Yielding pivotal new perspectives on the indigenous women of Mexico, Dissident Women: Gender and Cultural Politics in Chiapas presents a diverse collection of voices exploring the human rights and gender issues that gained international attention after the first public appearance of the Zapatista National Liberation Army (EZLN) in 1994.
Drawing from studies on topics ranging from the daily life of Zapatista women to the effect of transnational indigenous women in tipping geopolitical scales, the contributors explore both the personal and global implications of indigenous women's activism. The Zapatista movement and the Women's Revolutionary Law, a charter that came to have tremendous symbolic importance for thousands of indigenous women, created the potential for renegotiating gender roles in Zapatista communities. Drawing on the original research of scholars with long-term field experience in a range of Mayan communities in Chiapas and featuring several key documents written by indigenous women articulating their vision, Dissident Women brings fresh insight to the revolutionary crossroads at which Chiapas stands—and to the worldwide implications of this economic and political microcosm.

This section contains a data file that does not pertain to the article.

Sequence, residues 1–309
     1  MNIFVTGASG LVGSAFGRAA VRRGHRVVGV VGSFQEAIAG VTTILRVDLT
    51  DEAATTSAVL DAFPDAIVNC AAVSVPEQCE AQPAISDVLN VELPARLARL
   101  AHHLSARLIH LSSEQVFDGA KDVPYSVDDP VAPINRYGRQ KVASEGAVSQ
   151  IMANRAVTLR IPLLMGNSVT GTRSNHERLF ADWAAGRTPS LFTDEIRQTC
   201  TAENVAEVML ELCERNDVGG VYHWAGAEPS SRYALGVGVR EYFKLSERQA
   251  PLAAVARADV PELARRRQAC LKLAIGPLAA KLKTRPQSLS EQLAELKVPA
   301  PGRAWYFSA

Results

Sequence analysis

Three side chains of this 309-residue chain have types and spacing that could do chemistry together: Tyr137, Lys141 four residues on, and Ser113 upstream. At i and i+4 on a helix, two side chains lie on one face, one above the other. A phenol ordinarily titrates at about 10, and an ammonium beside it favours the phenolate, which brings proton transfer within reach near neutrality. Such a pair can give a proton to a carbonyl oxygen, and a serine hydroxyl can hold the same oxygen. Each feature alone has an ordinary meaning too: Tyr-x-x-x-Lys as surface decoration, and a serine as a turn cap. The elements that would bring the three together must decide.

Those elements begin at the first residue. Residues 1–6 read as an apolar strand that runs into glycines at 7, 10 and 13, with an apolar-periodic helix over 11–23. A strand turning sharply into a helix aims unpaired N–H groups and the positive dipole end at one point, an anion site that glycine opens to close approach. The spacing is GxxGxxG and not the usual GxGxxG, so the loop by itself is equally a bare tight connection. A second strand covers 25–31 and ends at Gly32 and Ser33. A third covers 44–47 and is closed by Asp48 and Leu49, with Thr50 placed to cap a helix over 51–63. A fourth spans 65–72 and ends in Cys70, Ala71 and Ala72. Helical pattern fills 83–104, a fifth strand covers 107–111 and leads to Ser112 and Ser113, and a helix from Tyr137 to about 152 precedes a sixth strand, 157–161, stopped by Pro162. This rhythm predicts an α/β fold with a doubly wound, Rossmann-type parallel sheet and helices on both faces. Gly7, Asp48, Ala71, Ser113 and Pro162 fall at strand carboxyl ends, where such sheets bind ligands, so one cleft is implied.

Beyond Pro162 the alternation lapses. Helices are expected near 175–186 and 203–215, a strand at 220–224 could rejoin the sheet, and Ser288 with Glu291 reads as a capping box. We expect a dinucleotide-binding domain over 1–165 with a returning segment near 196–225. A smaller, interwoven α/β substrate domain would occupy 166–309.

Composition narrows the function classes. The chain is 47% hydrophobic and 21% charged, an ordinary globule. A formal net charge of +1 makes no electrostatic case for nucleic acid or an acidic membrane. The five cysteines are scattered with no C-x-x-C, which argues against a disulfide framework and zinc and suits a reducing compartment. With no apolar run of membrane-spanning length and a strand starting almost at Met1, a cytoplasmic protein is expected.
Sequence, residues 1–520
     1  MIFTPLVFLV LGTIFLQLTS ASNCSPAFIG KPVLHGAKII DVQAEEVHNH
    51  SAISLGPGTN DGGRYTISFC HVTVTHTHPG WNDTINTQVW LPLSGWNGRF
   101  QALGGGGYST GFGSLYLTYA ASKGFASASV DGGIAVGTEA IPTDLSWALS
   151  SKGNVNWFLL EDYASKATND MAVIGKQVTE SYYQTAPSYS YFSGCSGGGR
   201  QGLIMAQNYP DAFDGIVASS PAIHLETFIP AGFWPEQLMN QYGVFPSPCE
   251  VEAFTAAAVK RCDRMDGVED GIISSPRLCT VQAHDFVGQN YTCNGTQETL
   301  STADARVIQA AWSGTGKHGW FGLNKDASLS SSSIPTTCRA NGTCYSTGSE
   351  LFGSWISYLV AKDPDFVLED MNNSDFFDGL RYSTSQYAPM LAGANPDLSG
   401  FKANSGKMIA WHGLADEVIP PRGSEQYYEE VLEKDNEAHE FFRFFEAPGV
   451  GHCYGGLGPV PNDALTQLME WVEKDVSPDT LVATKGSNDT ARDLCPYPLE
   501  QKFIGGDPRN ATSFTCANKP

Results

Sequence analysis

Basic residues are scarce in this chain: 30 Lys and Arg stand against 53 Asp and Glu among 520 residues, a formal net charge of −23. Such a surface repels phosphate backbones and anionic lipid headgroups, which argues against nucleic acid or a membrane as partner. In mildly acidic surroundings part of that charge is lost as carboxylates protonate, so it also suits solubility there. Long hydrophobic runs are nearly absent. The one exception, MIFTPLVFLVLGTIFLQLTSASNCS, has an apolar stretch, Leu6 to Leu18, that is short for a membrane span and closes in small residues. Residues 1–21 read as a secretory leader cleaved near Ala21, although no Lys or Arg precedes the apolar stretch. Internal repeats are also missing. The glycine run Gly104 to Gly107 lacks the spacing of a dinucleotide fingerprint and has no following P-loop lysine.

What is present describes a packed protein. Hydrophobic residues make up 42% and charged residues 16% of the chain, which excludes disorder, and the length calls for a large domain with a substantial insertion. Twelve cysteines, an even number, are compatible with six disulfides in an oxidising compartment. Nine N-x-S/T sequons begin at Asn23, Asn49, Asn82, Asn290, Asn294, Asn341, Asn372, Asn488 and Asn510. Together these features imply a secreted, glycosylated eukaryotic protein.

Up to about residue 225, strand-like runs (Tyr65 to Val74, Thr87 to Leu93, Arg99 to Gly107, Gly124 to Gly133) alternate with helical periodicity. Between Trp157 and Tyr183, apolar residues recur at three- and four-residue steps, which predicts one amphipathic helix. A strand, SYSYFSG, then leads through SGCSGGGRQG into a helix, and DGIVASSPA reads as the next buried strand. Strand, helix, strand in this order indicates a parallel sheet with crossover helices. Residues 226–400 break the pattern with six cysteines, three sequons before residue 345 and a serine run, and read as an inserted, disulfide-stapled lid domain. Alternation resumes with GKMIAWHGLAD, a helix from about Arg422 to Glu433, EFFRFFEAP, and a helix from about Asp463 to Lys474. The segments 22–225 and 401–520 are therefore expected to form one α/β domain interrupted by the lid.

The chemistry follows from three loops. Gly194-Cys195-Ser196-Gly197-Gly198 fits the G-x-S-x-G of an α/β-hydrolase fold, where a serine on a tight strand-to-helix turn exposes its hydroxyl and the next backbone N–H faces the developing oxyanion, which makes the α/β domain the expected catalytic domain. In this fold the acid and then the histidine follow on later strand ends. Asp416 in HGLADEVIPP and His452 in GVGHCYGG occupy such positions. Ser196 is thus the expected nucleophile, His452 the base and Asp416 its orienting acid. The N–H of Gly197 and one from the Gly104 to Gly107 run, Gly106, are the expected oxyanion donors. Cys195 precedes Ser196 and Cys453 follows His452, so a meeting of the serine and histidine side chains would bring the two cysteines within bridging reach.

Shannon Speed is Assistant Professor of Anthropology at the University of Texas at Austin.
R. Aída Hernández Castillo is Associate Professor of Social Anthropology at the Center of Advanced Studies in Social Anthropology (CIESAS) in Mexico City.
Lynn M. Stephen is Distinguished Professor of Anthropology at the University of Oregon.
Preface: Indigenous Organizing and the EZLN in the Context of Neoliberalism in Mexico (Lynn M. Stephen, Shannon Speed, and R. Aída Hernández Castillo)
Section One: Key Women's Documents
Women's Revolutionary Law
Women's Rights in Our Traditions and Customs
Comandanta Esthér: Speech before the Mexican Congress
International Day of the Rebel Woman
Introduction (R. Aída Hernández Castillo, Lynn M. Stephen, and Shannon Speed)
Section Two: Indigenous Women's Organizing in Chiapas and Mexico: Historical Trajectories, Border Crossings
Chapter 1. Between Feminist Ethnocentricity and Ethnic Essentialism: The Zapatistas' Demands and the National Indigenous Women's Movement (R. Aída Hernández Castillo)
Chapter 2. Indigenous Women and Zapatismo: New Horizons of Visibility (Márgara Millán Moncayo)
Chapter 3. Gender and Stereotypes in the Social Movements of Chiapas (Sonia Toledo Tello and Anna María Garza Caligaris)
Chapter 4. Weaving in the Spaces: Indigenous Women's Organizing and the Politics of Scale in Mexico (Maylei Blackwell)
Section Three: Rights and Gender in Ethnographic Context
Chapter 5. Indigenous Women's Activism in Oaxaca and Chiapas (Lynn M. Stephen)
Chapter 6. Autonomy and a Handful of Herbs: Contesting Gender and Ethnic Identities through Healing (Melissa M. Forbis)
Chapter 7. Rights at the Intersection: Gender and Ethnicity in Neoliberal Mexico (Shannon Speed)
Chapter 8. "We Can No Longer Be Like Hens with Our Heads Bowed, We Must Raise Our Heads and Look Ahead": A Consideration of the Daily Life of Zapatista Women (Violeta Zylberberg Panebianco)
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